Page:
The Red Book

From the New York Times, September 16, 2009:
This is a story about a nearly 100-year-old book, bound in red leather, which has spent the last quarter century secreted away in a bank vault in Switzerland. The book is big and heavy and its spine is etched with gold letters that say “Liber Novus,” which is Latin for “New Book.” Its pages are made from thick cream-colored parchment and filled with paintings of otherworldly creatures and handwritten dialogues with gods and devils. If you didn’t know the book’s vintage, you might confuse it for a lost medieval tome.

And yet between the book’s heavy covers, a very modern story unfolds. It goes as follows: Man skids into midlife and loses his soul. Man goes looking for soul. After a lot of instructive hardship and adventure — taking place entirely in his head — he finds it again.

Some people feel that nobody should read the book, and some feel that everybody should read it. The truth is, nobody really knows. Most of what has been said about the book — what it is, what it means — is the product of guesswork, because from the time it was begun in 1914 in a smallish town in Switzerland, it seems that only about two dozen people have managed to read or even have much of a look at it.

Of those who did see it, at least one person, an educated Englishwoman who was allowed to read some of the book in the 1920s, thought it held infinite wisdom — “There are people in my country who would read it from cover to cover without stopping to breathe scarcely,” she wrote — while another, a well-known literary type who glimpsed it shortly after, deemed it both fascinating and worrisome, concluding that it was the work of a psychotic.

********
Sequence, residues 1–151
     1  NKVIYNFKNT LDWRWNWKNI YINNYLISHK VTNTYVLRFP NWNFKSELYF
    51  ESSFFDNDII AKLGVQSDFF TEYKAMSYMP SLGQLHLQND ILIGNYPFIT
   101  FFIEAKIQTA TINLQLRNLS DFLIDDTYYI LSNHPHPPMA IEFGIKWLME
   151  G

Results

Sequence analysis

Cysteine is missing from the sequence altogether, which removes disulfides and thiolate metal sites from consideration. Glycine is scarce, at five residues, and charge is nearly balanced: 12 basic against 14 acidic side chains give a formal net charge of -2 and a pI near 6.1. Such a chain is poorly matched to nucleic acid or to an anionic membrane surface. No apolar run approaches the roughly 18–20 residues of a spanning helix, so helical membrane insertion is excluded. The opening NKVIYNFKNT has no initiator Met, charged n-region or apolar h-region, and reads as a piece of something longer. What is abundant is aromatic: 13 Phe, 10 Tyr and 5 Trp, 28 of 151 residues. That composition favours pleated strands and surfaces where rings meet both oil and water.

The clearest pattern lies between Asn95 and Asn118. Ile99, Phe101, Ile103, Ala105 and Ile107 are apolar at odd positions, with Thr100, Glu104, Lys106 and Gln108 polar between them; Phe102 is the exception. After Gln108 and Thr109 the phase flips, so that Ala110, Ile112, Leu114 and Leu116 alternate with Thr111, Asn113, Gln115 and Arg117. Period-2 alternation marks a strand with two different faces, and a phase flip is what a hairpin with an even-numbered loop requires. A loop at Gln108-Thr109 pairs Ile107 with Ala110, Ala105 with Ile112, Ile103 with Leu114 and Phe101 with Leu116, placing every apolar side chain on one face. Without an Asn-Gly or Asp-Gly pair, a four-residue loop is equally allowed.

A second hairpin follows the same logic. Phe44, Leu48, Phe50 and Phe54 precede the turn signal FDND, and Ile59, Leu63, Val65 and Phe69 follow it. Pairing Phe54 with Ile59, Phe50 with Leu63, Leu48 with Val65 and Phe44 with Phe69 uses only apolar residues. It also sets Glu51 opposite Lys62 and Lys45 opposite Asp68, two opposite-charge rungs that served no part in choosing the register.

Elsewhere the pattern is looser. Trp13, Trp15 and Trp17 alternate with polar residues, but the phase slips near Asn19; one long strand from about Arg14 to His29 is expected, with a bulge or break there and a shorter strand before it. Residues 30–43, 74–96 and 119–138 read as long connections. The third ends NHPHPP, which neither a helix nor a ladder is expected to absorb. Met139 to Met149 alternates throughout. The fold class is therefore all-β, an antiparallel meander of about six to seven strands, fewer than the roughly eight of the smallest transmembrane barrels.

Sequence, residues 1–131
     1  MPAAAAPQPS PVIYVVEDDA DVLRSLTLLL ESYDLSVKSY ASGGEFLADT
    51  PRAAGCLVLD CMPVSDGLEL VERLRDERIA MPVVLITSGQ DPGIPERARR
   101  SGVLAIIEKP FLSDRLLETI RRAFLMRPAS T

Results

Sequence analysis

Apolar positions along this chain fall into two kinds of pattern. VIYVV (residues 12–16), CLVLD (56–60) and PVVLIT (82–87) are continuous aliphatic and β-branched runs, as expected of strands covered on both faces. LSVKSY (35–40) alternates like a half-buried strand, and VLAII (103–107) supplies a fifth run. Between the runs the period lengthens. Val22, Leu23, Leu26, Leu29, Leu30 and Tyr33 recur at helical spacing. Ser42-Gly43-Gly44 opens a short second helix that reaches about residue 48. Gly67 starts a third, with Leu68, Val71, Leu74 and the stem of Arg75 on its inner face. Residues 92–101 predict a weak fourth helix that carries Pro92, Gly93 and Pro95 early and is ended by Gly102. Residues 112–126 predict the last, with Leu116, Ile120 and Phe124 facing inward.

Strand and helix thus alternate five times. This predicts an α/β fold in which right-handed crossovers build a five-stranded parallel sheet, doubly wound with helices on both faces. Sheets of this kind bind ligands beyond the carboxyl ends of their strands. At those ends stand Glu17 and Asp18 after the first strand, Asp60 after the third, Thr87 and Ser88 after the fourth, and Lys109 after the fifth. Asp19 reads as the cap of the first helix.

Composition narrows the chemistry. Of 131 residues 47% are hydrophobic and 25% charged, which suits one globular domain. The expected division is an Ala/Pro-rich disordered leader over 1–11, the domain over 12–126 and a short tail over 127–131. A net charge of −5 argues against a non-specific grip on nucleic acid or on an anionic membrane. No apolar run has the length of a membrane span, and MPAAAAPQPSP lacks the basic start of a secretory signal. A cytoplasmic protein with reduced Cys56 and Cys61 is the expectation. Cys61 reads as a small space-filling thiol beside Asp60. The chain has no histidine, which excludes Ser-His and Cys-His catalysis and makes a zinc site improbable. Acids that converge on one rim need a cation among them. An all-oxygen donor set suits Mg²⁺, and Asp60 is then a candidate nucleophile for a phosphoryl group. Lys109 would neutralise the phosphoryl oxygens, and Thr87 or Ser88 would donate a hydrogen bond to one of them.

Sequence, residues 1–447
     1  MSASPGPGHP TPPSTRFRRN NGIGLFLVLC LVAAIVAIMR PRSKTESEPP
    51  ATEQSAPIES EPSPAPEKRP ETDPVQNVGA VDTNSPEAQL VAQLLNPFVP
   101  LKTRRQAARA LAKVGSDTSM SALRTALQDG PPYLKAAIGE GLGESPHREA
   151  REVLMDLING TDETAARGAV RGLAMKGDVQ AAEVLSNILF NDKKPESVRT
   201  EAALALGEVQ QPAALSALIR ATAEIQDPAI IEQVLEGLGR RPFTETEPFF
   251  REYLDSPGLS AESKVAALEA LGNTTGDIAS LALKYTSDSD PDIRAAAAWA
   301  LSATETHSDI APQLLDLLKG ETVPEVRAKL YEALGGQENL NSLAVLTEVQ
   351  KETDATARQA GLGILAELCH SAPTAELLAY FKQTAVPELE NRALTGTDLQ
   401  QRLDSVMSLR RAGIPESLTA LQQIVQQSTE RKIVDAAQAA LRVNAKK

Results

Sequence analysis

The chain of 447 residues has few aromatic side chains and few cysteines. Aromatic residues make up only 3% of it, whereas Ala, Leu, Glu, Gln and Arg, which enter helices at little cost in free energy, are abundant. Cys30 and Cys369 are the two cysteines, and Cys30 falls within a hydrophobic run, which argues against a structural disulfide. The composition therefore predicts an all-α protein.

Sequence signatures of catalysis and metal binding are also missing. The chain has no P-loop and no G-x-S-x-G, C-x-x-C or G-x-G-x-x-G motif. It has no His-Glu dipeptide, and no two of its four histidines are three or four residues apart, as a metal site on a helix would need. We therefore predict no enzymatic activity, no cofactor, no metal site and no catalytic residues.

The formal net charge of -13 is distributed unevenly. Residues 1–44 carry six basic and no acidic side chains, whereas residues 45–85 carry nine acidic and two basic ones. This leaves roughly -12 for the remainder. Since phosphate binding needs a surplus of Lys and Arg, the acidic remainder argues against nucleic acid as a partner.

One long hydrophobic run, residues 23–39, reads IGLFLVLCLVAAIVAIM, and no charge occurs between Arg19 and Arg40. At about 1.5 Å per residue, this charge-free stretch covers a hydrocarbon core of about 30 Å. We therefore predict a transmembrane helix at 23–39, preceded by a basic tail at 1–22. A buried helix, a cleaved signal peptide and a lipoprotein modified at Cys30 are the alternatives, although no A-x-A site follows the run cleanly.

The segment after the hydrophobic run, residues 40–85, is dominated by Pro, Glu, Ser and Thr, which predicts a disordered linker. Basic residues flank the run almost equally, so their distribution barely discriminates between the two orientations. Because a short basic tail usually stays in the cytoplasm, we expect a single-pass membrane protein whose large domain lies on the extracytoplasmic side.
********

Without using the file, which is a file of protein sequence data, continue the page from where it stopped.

I remember when I was in high school seeing a reference to Carl Jung’s The Red Book in, I believe, a footnote of another book. It mentioned that the book had never been published, which struck me as odd. Why would a book by such an important author not be published so many decades after his death?

I didn’t think much of it, and even forgot that The Red Book existed, until I came across this fascinating story (“The Holy Grail of the Unconscious” by Sara Corbett) in the New York Times.

Apparently Jung laboured over it on and off for sixteen years, and it held enormous personal significance for him. He was ambivalent about publishing it, however, as he feared it might invite ridicule from his peers. He left no instructions for his family about what to do with it, and two generations of very protective Jungs argued with each other over whether or not it should be published or not.

This October, finally, it is being published. It was written in German and features beautiful paintings by Jung himself (some of which have been shown here). An English translation of the text will be included in the back of the book.

The cover price is $195 US, but it’s selling for $105 US on Amazon. I’m very, very tempted.

Labels: ,


Blogger crystal said...

Nice paintings! I hadn't heard of this book before. For a minute I thought iyou were going to say it was just fictional like the Necronomicon :)

3:57 a.m.  

Post a Comment

<< Home

Creative Commons Licence
This work is licensed under a Creative Commons Licence.